Modulation of Cerebellar Cortical Plasticity Using Low-Intensity Focused Ultrasound for Poststroke Sensorimotor Function Recovery
- Modulation of Cerebellar Cortical Plasticity Using Low-Intensity Focused Ultrasound for Poststroke Sensorimotor Function Recovery
- 윤인찬; 김형민; 박기주; 김민주; 백홍채
- low-intensity focused ultrasound; photothrombosis; recovery; rehabilitation; cerebellum; stroke
- Issue Date
- Neurorehabilitation and neural repair
- VOL 32, NO 9-787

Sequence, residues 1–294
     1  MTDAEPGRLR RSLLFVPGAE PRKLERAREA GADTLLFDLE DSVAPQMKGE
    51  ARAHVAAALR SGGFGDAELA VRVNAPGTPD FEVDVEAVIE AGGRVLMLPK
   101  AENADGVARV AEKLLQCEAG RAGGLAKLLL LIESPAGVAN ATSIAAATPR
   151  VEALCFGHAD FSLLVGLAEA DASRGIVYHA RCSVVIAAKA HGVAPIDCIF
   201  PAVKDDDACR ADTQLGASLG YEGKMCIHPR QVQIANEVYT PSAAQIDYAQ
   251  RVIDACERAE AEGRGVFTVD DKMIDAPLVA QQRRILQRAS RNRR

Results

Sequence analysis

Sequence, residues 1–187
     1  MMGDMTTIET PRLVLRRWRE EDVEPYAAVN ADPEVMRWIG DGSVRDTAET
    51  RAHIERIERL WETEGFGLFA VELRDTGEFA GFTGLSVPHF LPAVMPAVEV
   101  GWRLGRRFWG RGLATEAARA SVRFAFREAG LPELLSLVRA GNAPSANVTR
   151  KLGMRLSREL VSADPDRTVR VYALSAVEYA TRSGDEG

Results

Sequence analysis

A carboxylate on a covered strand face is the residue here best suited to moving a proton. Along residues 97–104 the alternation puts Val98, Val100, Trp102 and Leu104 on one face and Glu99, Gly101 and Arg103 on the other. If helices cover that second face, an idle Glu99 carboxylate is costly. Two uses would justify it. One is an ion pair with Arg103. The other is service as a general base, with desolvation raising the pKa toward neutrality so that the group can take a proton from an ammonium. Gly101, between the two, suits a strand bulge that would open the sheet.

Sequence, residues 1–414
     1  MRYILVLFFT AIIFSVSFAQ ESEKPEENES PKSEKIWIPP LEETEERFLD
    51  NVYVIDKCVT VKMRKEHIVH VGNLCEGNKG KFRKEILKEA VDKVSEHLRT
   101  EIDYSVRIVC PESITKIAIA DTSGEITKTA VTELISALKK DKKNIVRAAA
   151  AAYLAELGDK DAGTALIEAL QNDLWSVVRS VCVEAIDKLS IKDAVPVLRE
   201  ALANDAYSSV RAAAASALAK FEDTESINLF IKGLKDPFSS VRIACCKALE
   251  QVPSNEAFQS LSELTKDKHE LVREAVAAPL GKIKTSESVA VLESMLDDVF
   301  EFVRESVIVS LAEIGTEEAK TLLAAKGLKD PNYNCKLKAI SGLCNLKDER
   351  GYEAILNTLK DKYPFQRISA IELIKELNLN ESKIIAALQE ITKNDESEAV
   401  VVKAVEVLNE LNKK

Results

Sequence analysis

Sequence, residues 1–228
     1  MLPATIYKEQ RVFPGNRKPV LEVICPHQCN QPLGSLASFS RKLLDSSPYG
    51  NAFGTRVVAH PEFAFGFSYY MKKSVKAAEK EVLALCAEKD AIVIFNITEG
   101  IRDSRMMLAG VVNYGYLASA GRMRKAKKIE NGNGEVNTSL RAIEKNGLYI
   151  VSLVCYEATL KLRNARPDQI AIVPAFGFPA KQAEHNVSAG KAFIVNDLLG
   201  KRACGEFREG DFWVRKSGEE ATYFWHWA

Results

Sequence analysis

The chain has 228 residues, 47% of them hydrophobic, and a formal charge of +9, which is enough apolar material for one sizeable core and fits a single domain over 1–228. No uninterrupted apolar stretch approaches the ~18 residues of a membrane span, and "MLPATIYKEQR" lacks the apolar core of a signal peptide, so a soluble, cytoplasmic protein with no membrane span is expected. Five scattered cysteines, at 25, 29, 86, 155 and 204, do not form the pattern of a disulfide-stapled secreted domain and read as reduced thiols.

- Background. Stroke affects widespread brain regions through interhemispheric connections by influencing bilateral motor activity. Several noninvasive brain stimulation techniques have proved their capacity to compensate the functional loss by manipulating the neural activity of alternative pathways. Over the past few decades, brain stimulation therapies have been tailored within the theoretical framework of modulation of cortical excitability to enhance adaptive plasticity after stroke. Objective. However, considering the vast difference between animal and human cerebral cortical structures, it is important to approach specific neuronal target starting from the higher order brain structure for human translation. The present study focuses on stimulating the lateral cerebellar nucleus (LCN), which sends major cerebellar output to extensive cortical regions. Methods. In this study, in vivo stroke mouse LCN was exposed to low-intensity focused ultrasound (LIFU). After the LIFU exposure, animals underwent 4 weeks of rehabilitative training. Results. During the cerebellar LIFU session, motor-evoked potentials (MEPs) were generated in both forelimbs accompanying excitatory sonication parameter. LCN stimulation group on day 1 after stroke significantly enhanced sensorimotor recovery compared with the group without stimulation. The recovery has maintained for a 4-week period in 2 behavior tests. Furthermore, we observed a significantly decreased level of brain edema and tissue swelling in the affected hemisphere 3 days after the stroke. Conclusions. This study provides the first evidence showing that LIFU-induced cerebellar modulation could be an important strategy for poststroke recovery. A longer follow-up study is, however, necessary in order to fully confirm the effects of LIFU on poststroke recovery.
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